Detrend polynomial fit can be applied first before the second derivative and SNV. This math treatment may help predict on subsequent runs as it further reduces baseline offset from run to run and probe to probe. These are typical problems experienced with robustness in multi-run/multi-probe applications. It is relatively easy to develop a model for a single run with well correlated and accurate reference data. Developing models that are robust on subsequent runs and multiple probes is more difficult.

The best approach is to start with reasonable variance on one system of media, cell type and titer. Be sure to include all acceptable variance of pH, temperature, cell density and levels of all analytes. An analyte that has little or no change throughout a run will offer no variance within the run, although it may offer useful information when combined with other runs.

There is no sense in including levels of analytes at which the cells would be dead. If the cells are dead, other means of analysis are available! The utility of in-situ NIR is the real time trending of growth limiting nutrients, metabolites of concern (product and waste) and operational parameters such as pH.

Conclusion

NIR in-situ monitoring of bioreactors is a good application of one of the principal tools in the PAT toolbox and can help increase bioprocess understanding and control. The complexity of the bioreactor media creates a matrix of absorbance bands and a systematic approach to model development is required. It is best to start initially with a simple model for a single media type with a single cell type and a single titer. The necessary variance is not completely contained in one two-week bioreactor run and multiple runs are necessary. The spectra with reference data can be added to the model from the previous run after each new run until all necessary and required variance has been covered in the model. Probe-to-probe variation should be modeled in after the basic chemical and operational parameters have been sufficiently modeled.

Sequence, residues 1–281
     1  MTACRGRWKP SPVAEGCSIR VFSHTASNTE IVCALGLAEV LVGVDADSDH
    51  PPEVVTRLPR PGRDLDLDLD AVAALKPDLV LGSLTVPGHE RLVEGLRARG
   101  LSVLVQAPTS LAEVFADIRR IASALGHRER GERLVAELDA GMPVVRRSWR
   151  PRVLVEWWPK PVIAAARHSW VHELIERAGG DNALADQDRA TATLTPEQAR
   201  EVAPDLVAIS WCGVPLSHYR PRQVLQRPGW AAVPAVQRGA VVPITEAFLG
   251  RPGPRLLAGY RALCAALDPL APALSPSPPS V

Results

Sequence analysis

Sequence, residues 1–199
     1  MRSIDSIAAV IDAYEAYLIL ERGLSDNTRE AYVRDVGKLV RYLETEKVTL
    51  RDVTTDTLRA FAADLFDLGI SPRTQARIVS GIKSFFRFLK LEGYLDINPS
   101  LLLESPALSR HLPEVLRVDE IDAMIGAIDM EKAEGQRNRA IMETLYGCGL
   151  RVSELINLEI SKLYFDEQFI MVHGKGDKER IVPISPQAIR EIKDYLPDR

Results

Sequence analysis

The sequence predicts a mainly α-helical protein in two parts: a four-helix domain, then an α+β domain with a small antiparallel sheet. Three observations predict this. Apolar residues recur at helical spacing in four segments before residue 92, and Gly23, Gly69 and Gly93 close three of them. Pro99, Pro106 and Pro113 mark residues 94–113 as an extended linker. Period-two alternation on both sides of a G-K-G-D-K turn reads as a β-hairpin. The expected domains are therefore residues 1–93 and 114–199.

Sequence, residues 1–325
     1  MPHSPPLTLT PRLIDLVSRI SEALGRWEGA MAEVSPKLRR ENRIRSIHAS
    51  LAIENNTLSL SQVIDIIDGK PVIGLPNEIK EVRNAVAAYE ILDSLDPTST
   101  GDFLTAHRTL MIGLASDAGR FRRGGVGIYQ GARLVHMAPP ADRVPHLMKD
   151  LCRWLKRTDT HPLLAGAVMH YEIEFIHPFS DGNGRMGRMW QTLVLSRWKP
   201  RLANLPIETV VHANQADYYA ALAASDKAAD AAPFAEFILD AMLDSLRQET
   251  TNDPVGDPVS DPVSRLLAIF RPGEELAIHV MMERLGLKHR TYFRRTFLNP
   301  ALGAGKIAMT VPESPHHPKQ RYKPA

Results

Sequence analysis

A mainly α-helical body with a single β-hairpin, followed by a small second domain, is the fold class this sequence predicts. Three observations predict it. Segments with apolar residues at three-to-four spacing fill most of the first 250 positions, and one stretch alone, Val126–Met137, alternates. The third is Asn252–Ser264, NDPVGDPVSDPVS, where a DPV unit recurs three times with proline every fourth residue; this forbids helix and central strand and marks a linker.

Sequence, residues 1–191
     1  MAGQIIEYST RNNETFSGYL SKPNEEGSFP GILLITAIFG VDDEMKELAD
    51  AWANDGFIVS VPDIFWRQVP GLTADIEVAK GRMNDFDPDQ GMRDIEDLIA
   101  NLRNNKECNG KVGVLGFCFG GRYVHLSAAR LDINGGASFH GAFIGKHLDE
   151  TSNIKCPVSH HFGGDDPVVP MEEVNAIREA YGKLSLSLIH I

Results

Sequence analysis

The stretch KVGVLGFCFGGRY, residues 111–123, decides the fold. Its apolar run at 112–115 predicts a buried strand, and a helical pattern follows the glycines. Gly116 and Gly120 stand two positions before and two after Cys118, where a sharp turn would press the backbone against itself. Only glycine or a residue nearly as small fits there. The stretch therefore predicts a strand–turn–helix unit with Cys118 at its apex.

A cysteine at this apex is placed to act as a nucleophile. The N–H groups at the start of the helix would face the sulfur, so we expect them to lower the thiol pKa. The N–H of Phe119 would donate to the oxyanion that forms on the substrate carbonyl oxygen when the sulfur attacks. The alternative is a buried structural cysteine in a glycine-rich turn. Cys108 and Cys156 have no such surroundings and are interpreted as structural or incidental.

References

1. Arnold, S.A., Crowley, J., Woods, N., Harvey, L.M., McNeil, B. In-Situ Near Infrared Spectroscopy to Monitor Key Analytes in Mammalian Cell Cultivation. Biotechnology and Bioengineering. 84(1): 13-19 (2003).
2. Roychoudhury, P., O'Kennedy, R. McNeil, B., Harvey, L.M. Multiplexing fibre optic near infrared (NIR) spectroscopy as an emerging technology to monitor industrial bioprocesses. Anal Chim Acta. 590(1): 110-117 (2007).
3. Mattes, R., Root, D., Chang, D., Ong, M., Molony, M. In Situ Monitoring of CHO Cell Culture Medium Using Near-Infrared Spectroscopy, BioProcess International. 5(01): S46-S51 (2007).